Here, I would like them to take a cue from the legal system. The moment a person is
arrested for some wrong doing, it is immediately public information. However, the mere
arrest does not mean the person is guilty, the person has to be charged with a crime and
then it has to play out in the legal system etc.

Similarly, ITF/ATP should immediately make any positive test or refusal of test a
public information with the caveat that the person is innocent until proven guilty and
then proceed with the investigation.

To begin with that would give some transparency to the process and we don't have
to wonder whether player Z is going through silent ban when Z is out of action for
an extended period of time.

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15-Sep-2014 10:17 PM
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Kieran Offline
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RE: The Cilic Question and General doping issues
I kind of agree with you, GSM, in the sense of transparency protecting the innocent, and this is something that all the top players have argued as well. It's unfair that rumours abound without substance and this may in part be due to the system and how it works, and of course, it may in part be down to base human nature, and the nature of fandom, which wouldn't change, regardless of how the news of failed tests is brought to us.

I don't see what harm greater transparency can have, and if anything, fear of immediate exposure will act as a deterrent of sorts, if deterrents work.

The issue of a silent ban is a grave one, and one open to blind misrepresentation. Cilic didn't serve a silent ban. He withdrew from Wimbledon while an investigation was taking place. It was proper that this investigation happen and it was his right that there should be a proper process followed, and he withdrew from tennis immediately, falsely claiming to be injured.

Had his failed test been announced immediately, the situation wouldn't have occurred. Eventually, of course, the failed tests are announced, after due process has been observed, which is inevitable. But are the ITF doing the sport any favours by taking so long in announcing failed tests? Or is there merit in waiting until everything is legally rubber-stamped? I think that in the case of conspiracy theorists, rabid fans, etc, an early announcement might spike their guns but not affect their blindness, but for the sake of doing things properly, and protecting the innocent, what is the benefit of waiting until the investigation is over before announcing the results?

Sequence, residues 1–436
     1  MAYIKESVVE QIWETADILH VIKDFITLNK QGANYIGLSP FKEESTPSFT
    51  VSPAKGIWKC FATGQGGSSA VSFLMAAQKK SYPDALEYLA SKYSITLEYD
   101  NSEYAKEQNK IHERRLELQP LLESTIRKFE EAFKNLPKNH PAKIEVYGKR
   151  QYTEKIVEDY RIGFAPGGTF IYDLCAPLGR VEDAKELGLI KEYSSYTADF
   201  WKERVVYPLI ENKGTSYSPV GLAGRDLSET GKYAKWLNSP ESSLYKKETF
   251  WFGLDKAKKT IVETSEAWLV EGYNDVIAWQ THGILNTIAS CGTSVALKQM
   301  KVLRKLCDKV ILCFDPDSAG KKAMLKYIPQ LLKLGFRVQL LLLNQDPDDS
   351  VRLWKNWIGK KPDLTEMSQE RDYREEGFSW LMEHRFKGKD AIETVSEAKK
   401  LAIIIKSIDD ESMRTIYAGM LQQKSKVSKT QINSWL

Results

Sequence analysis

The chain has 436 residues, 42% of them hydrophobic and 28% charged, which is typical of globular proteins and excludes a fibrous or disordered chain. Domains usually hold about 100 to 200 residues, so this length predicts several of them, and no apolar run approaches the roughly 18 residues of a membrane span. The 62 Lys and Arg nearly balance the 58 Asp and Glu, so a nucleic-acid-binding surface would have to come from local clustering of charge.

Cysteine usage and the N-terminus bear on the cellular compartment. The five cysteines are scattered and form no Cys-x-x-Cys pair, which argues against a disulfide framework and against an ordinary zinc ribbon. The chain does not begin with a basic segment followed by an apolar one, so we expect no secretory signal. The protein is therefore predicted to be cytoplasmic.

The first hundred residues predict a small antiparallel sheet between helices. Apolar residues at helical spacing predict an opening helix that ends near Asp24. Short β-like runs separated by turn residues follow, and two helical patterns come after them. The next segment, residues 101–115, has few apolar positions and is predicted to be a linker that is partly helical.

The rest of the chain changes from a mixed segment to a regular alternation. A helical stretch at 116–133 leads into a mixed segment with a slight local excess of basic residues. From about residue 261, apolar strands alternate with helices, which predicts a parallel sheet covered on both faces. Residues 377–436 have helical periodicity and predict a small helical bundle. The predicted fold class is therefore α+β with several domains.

We also have to bear in mind that the drugs issue is massively contentious and gossip is king. If a rumour began that Player Z was taking his time in the toilet giving a sample, imagine the frenzy among trolls and conspiracy theorists, drawing conclusions and leaping into wild fantasy. But that sort of thing happens anyway, and so shouldn't get in the way of how this is handled. My long held view is that there should be stronger penalties for drug cheats, justice should be blind, and of course, tennis can't clean it's own stable...

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16-Sep-2014 03:01 AM
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Kieran Offline
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RE: The Cilic Question and General doping issues
(15-Sep-2014 04:02 AM)jhar26 Wrote:  Btw - how do you guys feel about the so-called "silent bans"? I for one think it's nonsense. If it was true the powers that be would be worse than the actual offenders. If for the sake of argument I would win a major and I get caught taking PED - how would that work then? I would get a silent ban so as to not to hurt the image of the sport, but at the same time I get to keep my title? If I were that player I'd gladly take it. I get to keep my title and my money and after a six month (or whatever) holiday I'd come back as though nothing has happened.

Exactly.

And even further, it would make all the top players complicit in the silence, which is unimaginable. Ex-pros too, whose records are being broken by drug fiends.

They stay silent? This is unimaginable.

Then the player returns to the tour, handshakes all round, big grins at the net while he beats an opponent, and the opponent stays silent?

File under, "Brown, Dan..." No No

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RE: The Cilic Question and General doping issues
^ We've no idea what the situation could entail. In the case of Cilic the Croatian media leaked the failed test and the idiots at the ITF wouldn't even have known otherwise as their testing sucks. Many top ex pros have been rumored to have been taking stuff too so they probably should stay silent. Some even admitted they took steroids unknowingly for 6 years (John McEnroe). Sure, he didn't know. Right.

Regarding players staying silent when the player returns to the tour, the authorities may well threaten them if they talk for all we know.
16-Sep-2014 04:36 AM